As I reviewed my notes for the forthcoming high school Model United Nations conference in a seat by the sliding doors of the 12:30 p.m. BART train, I jerked my head up as an evidently wasted man with a bottle of alcohol got on board and began causing a ruckus. “Don’t look this way … please don’t notice me,” was the thought rushing through my head, as I cowered in place and stared out the window. “Damn gorgeous, tell me your name. I’ll guess where you’re from.” I stayed quiet and refrained from making eye contact. “B—-,” he said, loud enough to turn a few heads. “Thinks she’s too good for me.” Fellow passengers stayed quiet with looks of pity on their faces as he continued to spew insults and remarks at me.
Fast forward to when I was headed to my local Walgreens to pick up a prescription, when a group of men began following me from the bus stop. Ignoring their vile statements about my figure, I speed walked for a few blocks and ran into the closest store I could spot — a Jack-in-the-Box — to escape the frightening situation. The tears flowed down my face as I called my mom to come pick me up. The cashier was kind enough to let me stay in the back until they left. And how could I forget the horror on my face when I refused a kiss from a classmate in high school, and he towered over me with a cold face. “I’m going to get that kiss whether you like it or not.” There weren’t enough words to express my fear to my counselor and my teacher.
These are just a few times out of the many that I’ve faced sexual harassment. The issue is more pressing and prevalent than you would assume. According to the Connecticut Alliance to End Sexual Violence, one in four women and one in six men will be sexually assaulted in their lifetimes. One in six women and one in 33 men will experience attempted or completed rape in their lifetime.
When I opened my Twitter account last week, one specific post amongst the memes and old 2013 Vines on my feed caught my eye. Actress Alyssa Milano tweeted the following: “If all the women who have been sexually harassed or assaulted wrote ‘Me too.’ as a status, we might give people a sense of the magnitude of the problem.” I was overwhelmed with a sense of comfort when I opened the thread to see a multitude of both women and men sharing the hashtag to voice their negative experiences and stand in solidarity with victims.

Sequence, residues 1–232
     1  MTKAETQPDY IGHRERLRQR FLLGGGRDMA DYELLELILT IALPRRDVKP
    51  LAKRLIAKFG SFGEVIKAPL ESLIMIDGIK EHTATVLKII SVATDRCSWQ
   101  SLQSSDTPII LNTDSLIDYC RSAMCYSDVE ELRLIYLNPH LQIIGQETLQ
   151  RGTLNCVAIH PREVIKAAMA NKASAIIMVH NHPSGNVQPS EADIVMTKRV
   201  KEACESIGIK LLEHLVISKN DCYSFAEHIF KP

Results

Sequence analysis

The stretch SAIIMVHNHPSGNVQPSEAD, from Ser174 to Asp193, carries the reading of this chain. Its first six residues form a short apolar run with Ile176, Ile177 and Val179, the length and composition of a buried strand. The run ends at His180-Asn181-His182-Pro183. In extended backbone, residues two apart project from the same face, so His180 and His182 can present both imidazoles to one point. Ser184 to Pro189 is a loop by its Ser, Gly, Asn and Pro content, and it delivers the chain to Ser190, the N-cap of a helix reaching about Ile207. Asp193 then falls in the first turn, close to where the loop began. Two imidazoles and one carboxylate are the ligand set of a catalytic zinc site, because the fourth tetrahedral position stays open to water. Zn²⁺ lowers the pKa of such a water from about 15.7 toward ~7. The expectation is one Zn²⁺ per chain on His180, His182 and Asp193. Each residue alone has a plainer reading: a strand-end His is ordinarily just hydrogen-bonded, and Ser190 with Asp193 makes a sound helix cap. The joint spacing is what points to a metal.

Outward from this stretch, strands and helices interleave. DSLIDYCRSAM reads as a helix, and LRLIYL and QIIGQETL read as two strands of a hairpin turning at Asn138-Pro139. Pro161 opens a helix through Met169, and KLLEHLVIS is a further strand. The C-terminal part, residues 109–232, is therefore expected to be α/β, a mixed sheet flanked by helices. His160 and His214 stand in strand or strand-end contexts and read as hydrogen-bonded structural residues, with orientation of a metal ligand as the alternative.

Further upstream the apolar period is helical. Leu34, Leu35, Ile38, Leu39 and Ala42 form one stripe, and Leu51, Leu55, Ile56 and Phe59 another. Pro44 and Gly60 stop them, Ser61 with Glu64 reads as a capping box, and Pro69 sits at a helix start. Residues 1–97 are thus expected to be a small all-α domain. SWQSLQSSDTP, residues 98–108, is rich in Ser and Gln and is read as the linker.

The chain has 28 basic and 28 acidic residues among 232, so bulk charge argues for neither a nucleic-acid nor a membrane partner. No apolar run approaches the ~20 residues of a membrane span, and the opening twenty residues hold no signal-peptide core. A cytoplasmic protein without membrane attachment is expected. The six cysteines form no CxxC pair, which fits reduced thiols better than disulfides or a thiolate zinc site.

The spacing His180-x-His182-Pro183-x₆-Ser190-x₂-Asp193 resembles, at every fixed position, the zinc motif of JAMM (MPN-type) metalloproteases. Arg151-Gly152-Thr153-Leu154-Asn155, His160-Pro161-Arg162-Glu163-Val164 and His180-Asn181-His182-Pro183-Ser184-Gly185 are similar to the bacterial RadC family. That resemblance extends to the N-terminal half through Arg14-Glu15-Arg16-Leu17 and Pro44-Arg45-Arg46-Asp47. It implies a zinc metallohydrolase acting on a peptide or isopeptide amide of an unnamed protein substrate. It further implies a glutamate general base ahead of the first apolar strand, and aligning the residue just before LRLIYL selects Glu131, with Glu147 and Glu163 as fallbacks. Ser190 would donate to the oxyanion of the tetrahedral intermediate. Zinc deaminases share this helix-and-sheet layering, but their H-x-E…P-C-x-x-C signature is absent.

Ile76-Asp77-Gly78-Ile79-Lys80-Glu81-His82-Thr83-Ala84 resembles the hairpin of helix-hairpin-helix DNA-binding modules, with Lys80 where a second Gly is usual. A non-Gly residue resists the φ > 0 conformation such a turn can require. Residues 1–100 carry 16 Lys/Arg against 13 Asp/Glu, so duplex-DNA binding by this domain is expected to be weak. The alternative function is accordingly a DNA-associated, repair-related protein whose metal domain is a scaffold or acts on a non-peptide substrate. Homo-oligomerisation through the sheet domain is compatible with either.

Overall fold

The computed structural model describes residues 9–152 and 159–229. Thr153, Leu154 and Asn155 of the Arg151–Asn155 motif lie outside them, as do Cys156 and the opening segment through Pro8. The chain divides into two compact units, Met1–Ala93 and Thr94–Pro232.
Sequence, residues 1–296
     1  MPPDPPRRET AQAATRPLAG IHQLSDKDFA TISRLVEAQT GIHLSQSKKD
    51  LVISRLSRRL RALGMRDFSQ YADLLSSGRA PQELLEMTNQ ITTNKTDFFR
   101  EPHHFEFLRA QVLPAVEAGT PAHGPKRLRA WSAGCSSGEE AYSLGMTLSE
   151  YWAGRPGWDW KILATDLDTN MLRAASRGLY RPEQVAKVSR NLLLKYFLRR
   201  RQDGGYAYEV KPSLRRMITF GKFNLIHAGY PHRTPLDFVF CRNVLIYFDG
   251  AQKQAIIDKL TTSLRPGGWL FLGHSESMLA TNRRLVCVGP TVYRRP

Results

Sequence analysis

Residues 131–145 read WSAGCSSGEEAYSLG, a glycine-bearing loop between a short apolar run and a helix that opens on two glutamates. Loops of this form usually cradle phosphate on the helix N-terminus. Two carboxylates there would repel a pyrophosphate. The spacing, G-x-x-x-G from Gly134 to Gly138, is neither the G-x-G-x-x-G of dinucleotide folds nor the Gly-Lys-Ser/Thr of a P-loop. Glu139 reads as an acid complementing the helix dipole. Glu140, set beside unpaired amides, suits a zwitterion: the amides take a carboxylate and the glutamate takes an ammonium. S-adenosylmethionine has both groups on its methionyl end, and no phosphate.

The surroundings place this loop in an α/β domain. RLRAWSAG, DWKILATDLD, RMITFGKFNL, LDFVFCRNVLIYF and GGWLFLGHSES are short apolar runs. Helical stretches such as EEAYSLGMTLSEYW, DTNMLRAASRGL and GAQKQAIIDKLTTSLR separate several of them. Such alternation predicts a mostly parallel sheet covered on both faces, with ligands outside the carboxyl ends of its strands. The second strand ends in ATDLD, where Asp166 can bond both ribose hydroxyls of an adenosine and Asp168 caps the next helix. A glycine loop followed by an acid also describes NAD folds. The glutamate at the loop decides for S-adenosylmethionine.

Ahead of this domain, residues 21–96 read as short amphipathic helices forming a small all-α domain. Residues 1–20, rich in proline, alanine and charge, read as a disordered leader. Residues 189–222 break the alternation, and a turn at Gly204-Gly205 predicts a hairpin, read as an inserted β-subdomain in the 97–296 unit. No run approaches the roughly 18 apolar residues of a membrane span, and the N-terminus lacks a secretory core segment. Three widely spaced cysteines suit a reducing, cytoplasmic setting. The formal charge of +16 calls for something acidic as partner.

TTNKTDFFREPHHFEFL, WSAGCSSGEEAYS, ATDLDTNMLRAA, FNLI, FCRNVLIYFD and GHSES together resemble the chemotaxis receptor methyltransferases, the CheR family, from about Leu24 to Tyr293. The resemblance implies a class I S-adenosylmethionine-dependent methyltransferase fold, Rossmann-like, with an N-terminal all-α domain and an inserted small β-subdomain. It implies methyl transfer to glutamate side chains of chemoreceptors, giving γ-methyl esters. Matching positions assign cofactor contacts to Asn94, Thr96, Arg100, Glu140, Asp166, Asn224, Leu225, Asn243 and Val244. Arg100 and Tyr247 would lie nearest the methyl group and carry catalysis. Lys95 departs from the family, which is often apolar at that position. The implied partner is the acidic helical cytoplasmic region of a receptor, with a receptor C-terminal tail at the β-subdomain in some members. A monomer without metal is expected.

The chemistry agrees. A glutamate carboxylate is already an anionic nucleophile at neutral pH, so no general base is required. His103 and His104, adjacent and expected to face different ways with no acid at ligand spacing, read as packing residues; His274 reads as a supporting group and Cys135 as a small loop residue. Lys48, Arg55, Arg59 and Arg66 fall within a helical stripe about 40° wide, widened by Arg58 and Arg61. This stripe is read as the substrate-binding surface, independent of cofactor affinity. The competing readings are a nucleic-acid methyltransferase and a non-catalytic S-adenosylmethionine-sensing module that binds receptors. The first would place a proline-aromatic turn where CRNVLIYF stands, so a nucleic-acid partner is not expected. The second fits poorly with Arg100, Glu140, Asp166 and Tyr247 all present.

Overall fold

The response has taken social media platforms by storm ever since ex-Hollywood mogul Harvey Weinstein was accused of raping or sexually assaulting 60 famed actresses in the industry. Actresses such as Cara Delevingne, Kate Beckinsale and Ashley Judd spoke out about the assaults, ultimately creating a domino effect and resulting in more victims stepping forward to share their stories. The problem is not restricted to just the entertainment industry; #MeToo has given victims of sexual harassment and assault a platform to voice their concerns.
I was amazed to see the problem being brought up by everyone from my closest friends and colleagues in school, to my old middle school teacher on Facebook, to strangers on Twitter who have been intimidated into silence for too long. It is commonly known that sexual assault is a tremendous matter of concern on college campuses across the nation. We take to social media to spread our word of support and discuss the severity of sexual assault incidents every time they are brought into light — for instance, when Joe Biden gave his compelling speech on consent and the magnitude of sexual violence present on university campuses, or when Brock Turner, who raped an unconscious and intoxicated woman, was released halfway through his six month prison sentence for “good behavior.”
Injustices like these trend on Twitter for a while. And then, they are buried under the next major issue without being addressed and the cycle continues. With #MeToo, people are finally talking. It is removing the stigma that so many feel with having faced sexual harassment or assault, and opening up a widespread chance of having your own stories heard. We need to acknowledge that this is only the first step, and that this movement can only bring forth positive change, as it bolsters our determination to be recognized as equals. When I posted the #MeToo status on Twitter, I joined legions of women and men who are attempting to bring the issue at hand to light. Sharing your story takes a great deal of strength, but don’t worry if you feel alone because … #MeToo.
Note: The University of California, Riverside Title IX office provides counseling referrals and other resources for victims of sexual assault and harassment.
Title IX Office Hours: Monday to Friday, 8am-5pm; (951) 827-7070